The Cove It’s probably going to get a theatrical run – it got rave reviews at Sundance – and I usually don’t see films I will easily see later in the theatre, but we commissioned a similar doc for CBC (“Dolphin Dealer” which you can watch here: http://www.cbc.ca/documentaries/doczone/2008/dolphindealer/)

El Olvido (Oblivion) Skilled veteran filmmaker Heddy Honigmann will take me to Lima, Peru and show me the people and the sights.

I am curious about Carmen Meets Borat, Forgetting Dad, and Robinsons of Mantsinsaari. I will see these if they fit into my schedule.

Objectified, Tyson, The Yes Men Fix the World I have a strong feeling these will be available at my local indie video store within six months, so although I want to see these films, they are therefore on my B-List. Fierce Light will be getting a theatrical run in Toronto after Hot Docs so I will check it out then. I saw Fierce when it was at rough-cut stage a year ago and it had a lot of potential to become an inspirational classic.

65_Redroses, Love at the Starlight Motel, Experimental Eskimos Will either air on CBC Newsworld or documentary channel, and are therefore on my C-List.

I am most excited to discover documentaries that I will stumble upon whenever I have the time to see something I’ll snap up the chance – no matter what it is.

For more information on Hot Docs films, please click here.

Ganesh: Boy Wonder



A dairy seller and his wife pray to the elephant-headed god Ganesh for a son. Their prayers are answered, but the boy takes on a trait of his namesake: a large growth erupts from between his eyes. As the boy ages, the growth threatens his health. The parents spend money, that they are forced to borrow, on doctors that are not able to help their son.


Then, an act of goodwill – the parents pick up a stranded motorist at the side of the road – proves fateful. The man observes Ganesh and believes something more can be done for the boy. He contacts his reporter brother at ETV. The reporter contacts the parents; however, the parents are reluctant to draw attention to their son who has been mocked. Eventually, they agree to share their story publicly.


A media sea change has swept through India in the past few years. There are now over a whopping 300 channels and they are hungry for sympathetic stories, like that of Ganesh, since they are popular with viewers.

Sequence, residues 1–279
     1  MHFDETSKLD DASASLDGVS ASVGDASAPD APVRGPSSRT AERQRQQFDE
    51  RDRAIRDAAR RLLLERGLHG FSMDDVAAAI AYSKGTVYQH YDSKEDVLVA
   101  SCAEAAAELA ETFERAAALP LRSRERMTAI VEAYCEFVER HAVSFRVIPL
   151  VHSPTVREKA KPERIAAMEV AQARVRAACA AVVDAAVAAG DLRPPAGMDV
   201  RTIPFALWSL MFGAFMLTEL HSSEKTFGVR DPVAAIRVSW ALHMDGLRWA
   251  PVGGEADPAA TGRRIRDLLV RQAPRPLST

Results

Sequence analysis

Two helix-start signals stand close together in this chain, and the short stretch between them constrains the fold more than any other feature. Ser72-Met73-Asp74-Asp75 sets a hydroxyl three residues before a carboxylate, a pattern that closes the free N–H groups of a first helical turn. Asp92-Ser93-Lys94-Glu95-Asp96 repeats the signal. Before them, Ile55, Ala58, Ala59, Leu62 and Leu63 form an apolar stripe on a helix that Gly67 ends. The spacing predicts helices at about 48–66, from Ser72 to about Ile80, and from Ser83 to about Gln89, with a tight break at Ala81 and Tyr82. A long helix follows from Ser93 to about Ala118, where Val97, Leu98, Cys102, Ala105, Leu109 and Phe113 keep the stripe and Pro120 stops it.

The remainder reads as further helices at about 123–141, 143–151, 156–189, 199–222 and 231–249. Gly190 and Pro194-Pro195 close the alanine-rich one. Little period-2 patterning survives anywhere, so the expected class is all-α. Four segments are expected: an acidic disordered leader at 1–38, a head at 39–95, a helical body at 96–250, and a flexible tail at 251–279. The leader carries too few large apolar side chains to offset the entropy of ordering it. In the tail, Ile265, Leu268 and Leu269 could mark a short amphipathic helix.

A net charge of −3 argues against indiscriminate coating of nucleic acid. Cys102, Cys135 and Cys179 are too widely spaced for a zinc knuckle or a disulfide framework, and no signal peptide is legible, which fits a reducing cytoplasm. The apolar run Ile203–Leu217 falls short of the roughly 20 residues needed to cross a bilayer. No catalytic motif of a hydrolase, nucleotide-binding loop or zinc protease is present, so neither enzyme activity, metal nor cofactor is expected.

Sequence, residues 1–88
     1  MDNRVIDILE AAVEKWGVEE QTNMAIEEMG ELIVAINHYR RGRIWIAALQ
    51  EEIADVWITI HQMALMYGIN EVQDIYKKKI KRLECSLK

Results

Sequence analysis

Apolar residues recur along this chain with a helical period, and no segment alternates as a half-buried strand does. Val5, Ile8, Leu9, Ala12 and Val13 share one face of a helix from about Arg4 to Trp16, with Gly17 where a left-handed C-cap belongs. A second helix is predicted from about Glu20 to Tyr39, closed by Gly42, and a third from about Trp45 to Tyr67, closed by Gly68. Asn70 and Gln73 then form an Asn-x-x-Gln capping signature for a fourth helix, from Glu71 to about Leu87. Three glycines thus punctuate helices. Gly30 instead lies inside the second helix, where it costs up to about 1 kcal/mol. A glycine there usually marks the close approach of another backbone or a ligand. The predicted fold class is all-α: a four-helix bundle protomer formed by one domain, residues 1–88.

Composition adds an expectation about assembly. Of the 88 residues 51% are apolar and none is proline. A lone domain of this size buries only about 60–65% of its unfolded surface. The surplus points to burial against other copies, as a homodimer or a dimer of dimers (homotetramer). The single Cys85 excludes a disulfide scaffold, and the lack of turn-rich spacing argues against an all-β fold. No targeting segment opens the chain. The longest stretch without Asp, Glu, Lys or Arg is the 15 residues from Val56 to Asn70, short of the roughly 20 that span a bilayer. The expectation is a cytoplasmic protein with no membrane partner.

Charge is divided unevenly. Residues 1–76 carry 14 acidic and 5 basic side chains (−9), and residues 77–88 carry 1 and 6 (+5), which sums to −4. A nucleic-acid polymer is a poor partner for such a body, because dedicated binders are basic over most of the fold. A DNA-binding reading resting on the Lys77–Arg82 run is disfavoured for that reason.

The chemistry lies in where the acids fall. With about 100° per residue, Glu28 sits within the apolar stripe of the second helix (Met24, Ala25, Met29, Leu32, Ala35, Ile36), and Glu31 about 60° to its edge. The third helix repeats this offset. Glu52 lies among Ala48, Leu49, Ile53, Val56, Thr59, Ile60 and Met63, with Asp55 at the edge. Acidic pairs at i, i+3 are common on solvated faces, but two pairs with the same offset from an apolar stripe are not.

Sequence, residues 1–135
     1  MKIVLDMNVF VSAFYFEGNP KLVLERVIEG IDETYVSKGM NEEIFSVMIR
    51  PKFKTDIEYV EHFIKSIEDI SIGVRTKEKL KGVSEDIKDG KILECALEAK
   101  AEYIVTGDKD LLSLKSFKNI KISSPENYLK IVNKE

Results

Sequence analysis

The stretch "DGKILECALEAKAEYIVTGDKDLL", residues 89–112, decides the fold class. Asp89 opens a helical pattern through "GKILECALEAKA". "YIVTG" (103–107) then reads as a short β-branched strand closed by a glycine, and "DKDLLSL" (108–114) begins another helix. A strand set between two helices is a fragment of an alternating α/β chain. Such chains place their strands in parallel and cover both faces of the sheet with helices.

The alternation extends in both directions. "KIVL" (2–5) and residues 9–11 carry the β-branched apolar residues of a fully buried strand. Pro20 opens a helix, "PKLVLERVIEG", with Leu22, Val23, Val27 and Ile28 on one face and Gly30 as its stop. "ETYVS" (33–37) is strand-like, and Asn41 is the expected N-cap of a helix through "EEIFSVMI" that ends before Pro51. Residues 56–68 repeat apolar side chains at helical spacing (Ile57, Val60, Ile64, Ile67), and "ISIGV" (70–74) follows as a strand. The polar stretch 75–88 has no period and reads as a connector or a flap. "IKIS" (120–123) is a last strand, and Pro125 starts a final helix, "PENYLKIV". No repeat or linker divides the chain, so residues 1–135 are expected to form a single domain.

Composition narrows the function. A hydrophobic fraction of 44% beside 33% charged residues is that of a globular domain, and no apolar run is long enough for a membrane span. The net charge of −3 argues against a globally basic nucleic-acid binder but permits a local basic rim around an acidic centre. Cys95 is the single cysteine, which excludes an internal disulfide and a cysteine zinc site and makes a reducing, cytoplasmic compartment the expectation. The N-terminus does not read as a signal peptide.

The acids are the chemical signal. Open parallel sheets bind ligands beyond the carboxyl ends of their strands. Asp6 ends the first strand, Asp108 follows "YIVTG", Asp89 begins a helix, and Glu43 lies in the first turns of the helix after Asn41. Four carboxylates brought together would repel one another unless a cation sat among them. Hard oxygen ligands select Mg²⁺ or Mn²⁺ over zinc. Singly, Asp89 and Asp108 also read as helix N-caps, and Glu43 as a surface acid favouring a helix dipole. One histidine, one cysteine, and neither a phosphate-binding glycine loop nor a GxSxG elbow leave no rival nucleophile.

The Chief Minister of the State sees the story and unites with a local private hospital to announce that they will fund the expensive surgery necessary to remove Ganesh’s growth. Then, another even more remarkable offer comes about and this is when the story gets really interesting.


The station that ran the story is owned by media mogul Ramoji, of Ramoji Film Studios. In a separate plot line, Canadian plastic surgeon, Dr Sanjeev Kaila of Sarnia, Ontario, sets out to India to seek philanthropic projects. He wants to use his skills and reconnect with his roots having been born in India. Dr Kaila learns of Ramoji and finagles a meeting with him – out of sheer interest in this very successful man. Through this strange twist of fate, Ramoji asks Dr Kaila if he “does noses” and tells him the story of Ganesh. It’s not the nose job he is used to, but it is exactly the challenge the doctor was looking for. Dr Kaila begins to consult specialists from all over North America including a cranio facial surgeon from the Mayo clinic. He recruits his surgical team and they all travel to India.


During all of this, Ganesh’ father Krishna endures threats from money-lenders (whom we actually meet) that cause him so much such stress that he attempts suicide. His wife Jayamma convinces him to not give up on his family. Though she is uneducated, she is resolute. The situation with her family and her husband’s near loss of faith, serves to renew hers. She gets training and a job to help with finances. “Only if we make an effort can we hope for God’s grace.”

 This is not a run-of-the-mill inspirational fix-a-poverty-stricken-child-with-an-ailment story. It is the confluence of a remarkable set of events and recounts the various needs and desires of the characters involved.  Everyone’s common goal is a healthy Ganesh – a smiling bright boy who doesn’t even recognize the drama that plays out all around him.

For more information about Ganesh: Boy Wonder, directed by Srinivas Krishna, or to screen it at Hot Docs, please click here.